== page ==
When 70% of college graduates from public and non-profit institutions have student loan debt averaging almost $30,000, it is easy to make that case that colleges deserve to be “disrupted.”  Of course the chief cause of those increased costs is a combination of declining public investment and the concurrent demand that public institutions behave like “businesses,” which has proven to be inefficient and costly, but never mind, obviously the colleges themselves are failing.

Now comes a proposal in the House tax plan to tax tuition waivers for graduate students, which has been framed as a way to “bankrupt” graduate students, which is true, but which will also accelerate the demise of the public research institution. The rationale that these waivers are the equivalent to “income” is patently ridiculous, the equivalent of the government deciding to collect sales tax on the 20% off Bed, Bath, and Beyond coupons that show up in your mailbox every month when you decide to use them, which is every time you shop at Bed, Bath, and Beyond. 

The effect on the ability to fund graduate education would be every bit as bad as everyone says. Many positions would simply cease to exist. The focus has been primarily on STEM programs, which rely on graduate assistants to carry out the nuts and bolts of laboratory research, but it would also decimate the undergraduate teaching force in the humanities.

And of course it would close off access to graduate education to anyone other than those who can already afford it. As recently reported in the New York Times, unpaid student loans can result in the suspension of a professional license, making it even more difficult to achieve upward mobility. 

Take loans to go to nursing school so someday you can then go to debtor’s prison! What a pitch! What a world.

Perhaps small government conservatives feel chuffed by these developments, with their faith that we are truly freest when we are atomized, rather than joined together as elements or compounds.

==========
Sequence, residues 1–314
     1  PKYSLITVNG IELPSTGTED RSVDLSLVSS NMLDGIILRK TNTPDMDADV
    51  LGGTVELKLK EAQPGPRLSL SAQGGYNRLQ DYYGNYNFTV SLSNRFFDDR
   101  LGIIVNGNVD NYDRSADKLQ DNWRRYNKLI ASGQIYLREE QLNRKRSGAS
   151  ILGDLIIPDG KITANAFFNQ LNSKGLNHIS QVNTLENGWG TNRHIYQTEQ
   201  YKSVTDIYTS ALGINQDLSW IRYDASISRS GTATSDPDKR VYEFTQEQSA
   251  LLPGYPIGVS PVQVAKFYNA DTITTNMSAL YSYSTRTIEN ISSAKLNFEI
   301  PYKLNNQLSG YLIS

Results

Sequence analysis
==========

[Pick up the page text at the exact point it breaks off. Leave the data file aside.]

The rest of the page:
But if conservatives believe in the “conserve” part of the definition, they should be concerned by the rapid undoing of so many institutions. We may find we need some of the ones being blown apart.

Clayton Christensen’s theory of disruptive innovation posits an industry is ripe for upset when a competitor arrives that is not necessarily better, but a combination of cheaper, and good enough. Since Christensen’s initial prediction of future institutional bankruptcy, we have amassed significant evidence that while online education undoubtedly has a role to play, for the vast majority of learners, it is not and is unlikely to become good enough.

However, there is another route to the fulfillment of Christensen’s prophecy.

If it becomes literally impossible to make traditional higher education pay off financially for the individual, its value declines to the point where even a vastly inferior alternative suddenly becomes not necessarily “good enough,” but the only choice available.[2] A lose-lose proposition.

But even if this comes to pass, this is not an example of innovative disruption. It is instead the endpoint of a process that seeks to substitute credentialing for learning.

There’s nothing innovative about such a radical shift in values working in combination with simple neglect to destroy something we once felt important and enduring.

There is nothing disruptive about it. We’re talking pure destruction for its own sake.

 

 

 

 

 

[1] The rumblings of acting to constrain President Trump’s authority to unilaterally order a nuclear strike is evidence of people awaking to the fact of the illusory nature of the institution of the presidency.

[2] This is Tressie McMillian Cottom’s “LowerEd.”